P.S. Bud and Rollins, too, maybe Clifford Brown.

I don't understand Miles in this list of the pantheon of most influential. Miles is sui generis as you put it for Duke. What trumpeters after Miles sound like Miles? Maybe I'm missing someone but they all seem to come from Dizzy/Clifford or Freddie Hubbard.

I think Bud and Clifford have to be on the list of most influential.

Yes, I've put Bud and Clifford. As for Miles, think of his legacy in weakening the hold of bop with his Coltrane, Garland, Chambers, Philly quintet, the continuing influence up to today of his Shorter, Hancock, Williams quintet and the impact of his "electric" period. Ellington, too, was hugely influential on just about everyone who wrote and arranged jazz after him, Mingus incuded, who I don't think should be on the list BTW. Didn't Miles say somehting like "All the cats should get down on their knees and thank Duke"?

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Yeah I was thinking purely of instrumental influence where obviously both quintets, but especially the second, were very influential on the music following.

Not digging the electric Miles, I don't really care about how it influenced others. :w:P

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Yeah I was thinking purely of instrumental influence where obviously both quintets, but especially the second, were very influential on the music following.

Not digging the electric Miles, I don't really care about how it influenced others. :w:P

I don't dig it either, but the influence can't be denied. <_<

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Ignoring vocalists, here my stab at this (in order of greatest influence -- though I totally get the argument that Duke should be lower on this list, but I'm really torn). I also feel Ornette should be on here, but I'm not sure if he should be (or not) -- much as I want him to be.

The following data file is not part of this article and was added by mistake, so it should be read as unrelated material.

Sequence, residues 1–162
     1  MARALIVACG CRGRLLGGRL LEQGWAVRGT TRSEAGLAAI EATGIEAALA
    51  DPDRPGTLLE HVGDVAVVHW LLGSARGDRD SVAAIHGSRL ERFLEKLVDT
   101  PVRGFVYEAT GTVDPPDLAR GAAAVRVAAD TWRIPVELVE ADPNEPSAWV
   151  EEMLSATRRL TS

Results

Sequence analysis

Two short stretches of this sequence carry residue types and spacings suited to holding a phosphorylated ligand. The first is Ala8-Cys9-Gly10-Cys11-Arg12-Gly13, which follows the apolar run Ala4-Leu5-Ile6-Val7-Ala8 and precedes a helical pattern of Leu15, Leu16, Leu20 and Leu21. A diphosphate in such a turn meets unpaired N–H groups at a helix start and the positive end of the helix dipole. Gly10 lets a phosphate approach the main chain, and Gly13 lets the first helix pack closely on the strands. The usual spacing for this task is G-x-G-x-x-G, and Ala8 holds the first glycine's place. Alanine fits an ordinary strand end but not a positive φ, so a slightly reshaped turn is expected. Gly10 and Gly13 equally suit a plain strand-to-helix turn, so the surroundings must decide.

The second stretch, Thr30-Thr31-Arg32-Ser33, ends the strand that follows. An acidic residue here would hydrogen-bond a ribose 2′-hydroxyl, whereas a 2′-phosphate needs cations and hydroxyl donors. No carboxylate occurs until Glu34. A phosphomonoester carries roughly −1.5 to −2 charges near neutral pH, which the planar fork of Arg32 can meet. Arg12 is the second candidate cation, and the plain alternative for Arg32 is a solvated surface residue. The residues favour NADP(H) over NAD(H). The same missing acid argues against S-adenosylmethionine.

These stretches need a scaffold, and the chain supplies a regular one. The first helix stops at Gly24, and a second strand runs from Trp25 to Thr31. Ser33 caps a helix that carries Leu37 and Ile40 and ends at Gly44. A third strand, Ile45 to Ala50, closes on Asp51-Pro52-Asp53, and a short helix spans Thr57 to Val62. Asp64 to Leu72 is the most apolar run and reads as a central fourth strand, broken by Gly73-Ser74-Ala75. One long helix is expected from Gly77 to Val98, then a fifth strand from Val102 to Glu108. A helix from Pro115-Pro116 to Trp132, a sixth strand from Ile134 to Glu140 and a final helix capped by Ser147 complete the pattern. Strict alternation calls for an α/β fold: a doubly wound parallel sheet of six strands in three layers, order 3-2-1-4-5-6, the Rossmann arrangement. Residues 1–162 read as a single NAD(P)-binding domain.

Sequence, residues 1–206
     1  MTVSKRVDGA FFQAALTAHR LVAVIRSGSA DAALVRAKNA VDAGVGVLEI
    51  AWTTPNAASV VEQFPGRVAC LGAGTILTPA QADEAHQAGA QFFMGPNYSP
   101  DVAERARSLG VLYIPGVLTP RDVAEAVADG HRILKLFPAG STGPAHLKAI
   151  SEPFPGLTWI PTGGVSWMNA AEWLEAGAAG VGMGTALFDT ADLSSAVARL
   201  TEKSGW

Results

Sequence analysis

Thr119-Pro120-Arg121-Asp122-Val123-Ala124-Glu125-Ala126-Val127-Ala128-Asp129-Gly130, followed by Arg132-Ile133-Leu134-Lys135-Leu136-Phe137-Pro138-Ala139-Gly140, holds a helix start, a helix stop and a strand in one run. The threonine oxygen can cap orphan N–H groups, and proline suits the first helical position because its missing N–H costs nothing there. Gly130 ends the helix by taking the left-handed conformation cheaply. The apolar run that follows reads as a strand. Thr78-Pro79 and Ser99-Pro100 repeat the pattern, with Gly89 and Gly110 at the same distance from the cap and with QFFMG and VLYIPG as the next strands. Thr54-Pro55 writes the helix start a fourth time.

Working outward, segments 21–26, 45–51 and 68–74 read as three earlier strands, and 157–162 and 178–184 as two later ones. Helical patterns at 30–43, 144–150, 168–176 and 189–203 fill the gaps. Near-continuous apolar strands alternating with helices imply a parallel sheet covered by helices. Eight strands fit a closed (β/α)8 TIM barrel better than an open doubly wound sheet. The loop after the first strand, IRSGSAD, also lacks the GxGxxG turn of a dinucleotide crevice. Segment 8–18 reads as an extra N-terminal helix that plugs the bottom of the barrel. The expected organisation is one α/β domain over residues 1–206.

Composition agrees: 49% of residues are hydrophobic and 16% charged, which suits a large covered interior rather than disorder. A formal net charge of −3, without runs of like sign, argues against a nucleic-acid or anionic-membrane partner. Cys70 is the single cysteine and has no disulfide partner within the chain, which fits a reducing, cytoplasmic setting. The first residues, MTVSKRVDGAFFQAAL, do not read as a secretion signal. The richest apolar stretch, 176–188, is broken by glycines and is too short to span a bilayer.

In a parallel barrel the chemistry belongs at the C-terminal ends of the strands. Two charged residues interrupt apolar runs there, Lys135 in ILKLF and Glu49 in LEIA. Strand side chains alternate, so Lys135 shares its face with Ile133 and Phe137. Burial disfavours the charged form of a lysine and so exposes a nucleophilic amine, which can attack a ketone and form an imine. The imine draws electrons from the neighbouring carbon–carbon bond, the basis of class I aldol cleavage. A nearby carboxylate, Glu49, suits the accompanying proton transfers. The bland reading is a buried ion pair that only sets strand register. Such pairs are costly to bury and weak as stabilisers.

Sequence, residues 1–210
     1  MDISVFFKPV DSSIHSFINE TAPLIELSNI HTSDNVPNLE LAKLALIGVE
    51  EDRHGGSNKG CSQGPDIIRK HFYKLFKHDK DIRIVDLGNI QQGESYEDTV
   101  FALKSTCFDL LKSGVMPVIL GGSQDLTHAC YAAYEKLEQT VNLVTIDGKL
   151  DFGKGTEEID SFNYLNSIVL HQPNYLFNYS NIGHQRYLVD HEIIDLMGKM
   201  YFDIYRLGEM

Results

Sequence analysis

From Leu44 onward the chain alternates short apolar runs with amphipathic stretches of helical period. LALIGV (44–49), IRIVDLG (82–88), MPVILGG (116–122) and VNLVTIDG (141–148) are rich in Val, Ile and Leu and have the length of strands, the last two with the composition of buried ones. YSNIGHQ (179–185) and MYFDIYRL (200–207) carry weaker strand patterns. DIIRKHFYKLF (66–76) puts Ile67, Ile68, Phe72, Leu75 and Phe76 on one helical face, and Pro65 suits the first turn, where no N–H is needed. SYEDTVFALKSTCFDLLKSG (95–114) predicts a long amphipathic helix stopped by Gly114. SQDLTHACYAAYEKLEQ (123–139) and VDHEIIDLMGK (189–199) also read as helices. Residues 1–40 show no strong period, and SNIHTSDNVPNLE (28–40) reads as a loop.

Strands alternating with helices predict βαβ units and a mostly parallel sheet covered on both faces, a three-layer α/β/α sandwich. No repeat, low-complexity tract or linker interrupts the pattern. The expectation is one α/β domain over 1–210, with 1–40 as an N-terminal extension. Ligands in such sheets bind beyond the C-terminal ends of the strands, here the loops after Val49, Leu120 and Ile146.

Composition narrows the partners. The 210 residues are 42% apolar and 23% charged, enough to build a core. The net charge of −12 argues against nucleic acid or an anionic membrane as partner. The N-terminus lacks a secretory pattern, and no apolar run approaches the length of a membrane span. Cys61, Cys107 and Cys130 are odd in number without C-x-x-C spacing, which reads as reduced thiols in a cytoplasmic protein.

1. Pops
  2. Duke
  3. Bird
  4. Miles (more as a jazz auteur, and for his sense of space/timing, than his influence on trumpet(ers) per se)
  5. Trane
  6. I want to say Monk, but it's probably really Bud
  7. Bill Evans
  8. Brownie
  9. Max Roach (if not, then Blakey, but I'd give it to Max - not that I really know in terms of "influence")
  10. maybe Jimmy Smith? (in a nod to our good caretaker)

Who am I forgetting, and who would you kick off my list to make space to include them??

Interestingly, the only people I've listed that I personally have a "way bigger than average" appreciation/obsession for/with are Miles, and maybe Max Roach (though to a lot lesser extent than Miles). And lterally NONE of the others (above) are ones who I'd rank as being among my all-time top-tier favorites on their respective instruments.

For instance, if I were to not take any of this "greatest influence stuff" too seriously (and I "over-elevated" some people as a result) -- my list might include more people like Herbie Hanckock, Joe Henderson, and Woody Shaw -- all of whom were very influential (I might even argue Joe as being THE most influential tenor player, in terms of CURRENT influence, over the last 20 years say). But what about Wayne? Where does he go in all this? Top 20, sure. Top 10? - probably not. And I'd LOVE to include Larry Young, but realistically - he's not been that influential (to say nothing of Andrew Hill, also a "not so much"). Now Lee Morgan is huge influence (I think), but realistically you can't have any more than Pops, Brownie, and Miles on the same list (if it's limited to top-10) -- and Lee comes out of Browie (as does Freddie Hubbard, Charles Tolliver, and even Woody Shaw). And if any bass player would deserve to be on the list, I guess it probably would be Mingus (much as I'd rather include Dave Holland, for instance). And I'd love to include Gil Evans, but really, is he even top-20?